The many reasons that people enjoy looking at photos comes down to a number of psychological factors – one being the simplicity of understanding what the shot is about.
Figure to ground theory is a way of effectively isolating your subject through contrast to make storytelling bold, dramatic and instant to your viewer.
The basic concept of figure to ground photography is to make your subject brighter than your background. You can do this through lighting, depth of field or even colour.
Either way, the principle is very simple and is designed to isolate an object or person is a photo. It can be hard to isolate multiple subjects using this approach but is very effective when working with one subject.
Image: A light subject in front of a darker background is the basic principle of figure-to-ground theory.
Capturing a photo with a clear story/point is at the heart of any good image. Using figure to ground theory aids with storytelling by subduing the background of a photo to direct attention the main subject.
By not adhering to this technique (when needed) subjects can get lost in their backgrounds and the point of the story diluted. Photography while resulting 2-dimensional digital file or print is actually a 3-dimensional art, in most cases. We look for depth, separation and layers to make photos more engaging, so the figure to ground theory helps us achieve that much needed depth.
I’m not saying every photo taken needs to follow this approach as sometimes the background is very important to the story of your shot and needs impact too. It should be used correctly, for the right purposes and without detriment to the rest of your image.
Image: Without this approach backgrounds and subjects can end up looking 2-dimensional.
As stated, the initial way of shooting for figure to ground photography is to make the subject brighter in the image than the background – but you may not be able to do this all the time.
Instead, it is possible to reverse the effect (ground to figure) and still achieve the same effect. The most common type of photo that does this is a silhouette – where the subject is considerably darker than the background.
If you try to constantly pursue a darker background to your subject the overall exposure may suffer in the foreground. Make the lighting situation work for you by deciding whether to go figure to ground, or ground to figure.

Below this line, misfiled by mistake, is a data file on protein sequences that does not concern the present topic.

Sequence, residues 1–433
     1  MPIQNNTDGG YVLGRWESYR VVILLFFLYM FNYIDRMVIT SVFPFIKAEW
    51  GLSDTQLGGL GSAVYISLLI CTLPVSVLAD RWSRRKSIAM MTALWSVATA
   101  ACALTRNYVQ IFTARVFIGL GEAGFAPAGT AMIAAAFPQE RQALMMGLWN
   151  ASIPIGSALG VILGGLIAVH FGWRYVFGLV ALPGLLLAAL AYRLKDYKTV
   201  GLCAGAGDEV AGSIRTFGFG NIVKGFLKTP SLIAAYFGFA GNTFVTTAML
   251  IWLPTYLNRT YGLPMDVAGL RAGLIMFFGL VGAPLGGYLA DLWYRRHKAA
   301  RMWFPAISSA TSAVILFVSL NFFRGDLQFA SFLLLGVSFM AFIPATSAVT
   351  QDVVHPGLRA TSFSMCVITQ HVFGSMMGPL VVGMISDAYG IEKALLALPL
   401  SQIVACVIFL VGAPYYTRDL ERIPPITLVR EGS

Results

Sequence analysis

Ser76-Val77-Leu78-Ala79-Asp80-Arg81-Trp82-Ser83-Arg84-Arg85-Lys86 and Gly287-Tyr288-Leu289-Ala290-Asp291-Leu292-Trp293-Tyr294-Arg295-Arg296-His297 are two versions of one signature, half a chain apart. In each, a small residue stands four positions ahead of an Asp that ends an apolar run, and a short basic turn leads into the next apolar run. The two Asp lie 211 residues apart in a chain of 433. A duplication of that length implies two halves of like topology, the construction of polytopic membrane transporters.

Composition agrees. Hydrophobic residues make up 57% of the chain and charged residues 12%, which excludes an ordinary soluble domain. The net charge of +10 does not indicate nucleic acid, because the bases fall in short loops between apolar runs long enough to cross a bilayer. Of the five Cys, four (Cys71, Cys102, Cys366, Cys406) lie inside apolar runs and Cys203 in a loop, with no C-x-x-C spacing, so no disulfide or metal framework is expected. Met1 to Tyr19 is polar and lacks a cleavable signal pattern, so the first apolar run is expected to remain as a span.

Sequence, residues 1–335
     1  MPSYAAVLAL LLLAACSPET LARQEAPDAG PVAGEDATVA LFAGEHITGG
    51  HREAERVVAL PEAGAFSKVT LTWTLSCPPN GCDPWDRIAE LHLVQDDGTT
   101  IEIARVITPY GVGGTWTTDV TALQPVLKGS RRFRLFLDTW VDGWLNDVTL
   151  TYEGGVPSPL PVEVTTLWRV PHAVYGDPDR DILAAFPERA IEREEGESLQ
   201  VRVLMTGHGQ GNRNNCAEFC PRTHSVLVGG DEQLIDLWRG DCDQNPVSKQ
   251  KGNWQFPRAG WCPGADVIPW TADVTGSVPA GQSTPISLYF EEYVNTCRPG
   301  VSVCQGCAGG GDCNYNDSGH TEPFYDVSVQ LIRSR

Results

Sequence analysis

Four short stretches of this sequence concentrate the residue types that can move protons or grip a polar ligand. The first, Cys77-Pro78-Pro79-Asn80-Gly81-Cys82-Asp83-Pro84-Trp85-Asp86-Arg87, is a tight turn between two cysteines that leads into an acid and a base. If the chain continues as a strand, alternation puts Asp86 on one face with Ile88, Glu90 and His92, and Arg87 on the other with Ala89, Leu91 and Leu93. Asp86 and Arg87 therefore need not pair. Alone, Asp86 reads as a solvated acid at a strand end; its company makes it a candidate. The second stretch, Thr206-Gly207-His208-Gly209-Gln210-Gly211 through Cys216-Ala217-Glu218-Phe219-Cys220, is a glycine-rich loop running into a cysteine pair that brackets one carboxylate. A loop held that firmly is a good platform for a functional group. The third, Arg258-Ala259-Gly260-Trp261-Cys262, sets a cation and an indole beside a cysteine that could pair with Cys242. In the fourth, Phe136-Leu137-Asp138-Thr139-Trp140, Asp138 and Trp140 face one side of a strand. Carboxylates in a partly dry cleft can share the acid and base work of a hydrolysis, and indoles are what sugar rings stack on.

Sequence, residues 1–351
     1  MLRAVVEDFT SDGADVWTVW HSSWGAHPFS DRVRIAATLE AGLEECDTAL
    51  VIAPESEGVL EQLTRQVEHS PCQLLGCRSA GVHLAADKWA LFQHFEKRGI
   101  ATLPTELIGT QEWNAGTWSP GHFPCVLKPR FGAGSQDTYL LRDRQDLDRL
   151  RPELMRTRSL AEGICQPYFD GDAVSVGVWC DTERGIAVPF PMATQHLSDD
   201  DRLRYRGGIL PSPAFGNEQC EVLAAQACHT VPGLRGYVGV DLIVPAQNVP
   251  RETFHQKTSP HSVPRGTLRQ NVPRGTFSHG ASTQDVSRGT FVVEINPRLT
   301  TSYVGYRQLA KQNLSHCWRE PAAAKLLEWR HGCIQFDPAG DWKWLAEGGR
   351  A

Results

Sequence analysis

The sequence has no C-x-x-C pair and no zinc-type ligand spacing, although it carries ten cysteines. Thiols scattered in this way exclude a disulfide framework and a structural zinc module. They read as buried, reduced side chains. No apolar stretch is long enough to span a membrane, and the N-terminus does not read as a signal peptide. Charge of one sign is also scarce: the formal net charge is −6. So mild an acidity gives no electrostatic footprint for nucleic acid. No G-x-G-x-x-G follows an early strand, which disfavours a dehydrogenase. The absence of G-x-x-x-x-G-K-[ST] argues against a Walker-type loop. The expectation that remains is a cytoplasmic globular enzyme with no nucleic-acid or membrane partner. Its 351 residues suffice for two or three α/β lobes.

Image: Silhouettes are an example of ground-to-figure theory where the subject is darker than the background.
The key to a good figure to ground photo is paying attention to where the light is falling. Move your subject into the path of the light. Next, look at the background – does it appear darker or lighter in tone than the subject?
If you’re unsure refer to your digital camera’s histogram. While you should always looking for a large lighting ratio between the light and dark tones, there should be a slight trough between the dark and light peaks on the histogram.
If you histogram looks more like a straight line and less like a curve then chances are the background and subject could be of a similar brightness.
Image: When it comes to editing, isolate your subject using masking tools and darken the background to create separation.
Up until now the focus of figure to ground photography focuses on the subject being brighter than the background using neutral toned lighting.
But you can approach the theory a different way using colour. Separate cooler colours (blues, green, purples, navy, brown etc) from warmer ones (red, yellow, pink, orange, white etc) and use them in the same way. Think about a red ball in front of a black wall.
Both the wall and ball could be lit to similar intensity, but the colours will offer that separation naturally.
It’s also worth using complementary colours when deciding how to colour the subject and background (if you have a choice). Orange v Blue – Yellow v Purple – Red v Green are all easy palette colours to find in nature and the modern world.
Image: Pick out two colours that complement but contrast each other – yellow and blues for example.
It is possible to do a localised edit on your background and make it a little darker if you are overlooking getting it correct in camera firstly.
Software such as Lightroom, ON1 Pro Raw and Photoshop offer AI masking tools to help select backgrounds, and well-defined subjects, with one click. From here you can adjust the tone contrast or exposure on either the background or subject to achieve that strong figure to ground look.
In truth, the concept of figure to ground is very simple and easy to follow for all levels of photography.
You may even compose your shots following this theory without even being aware of it – you may just instinctively know how to create depth this way. But if you don’t hopefully this article will help you create dynamic, simple and effective photography going forwards.
Bookmark and save this article so you can find it again in the future to refresh your memory. If you’ve got any other questions about photography chances are you’ll find the answers in some of our other articles and tutorials below.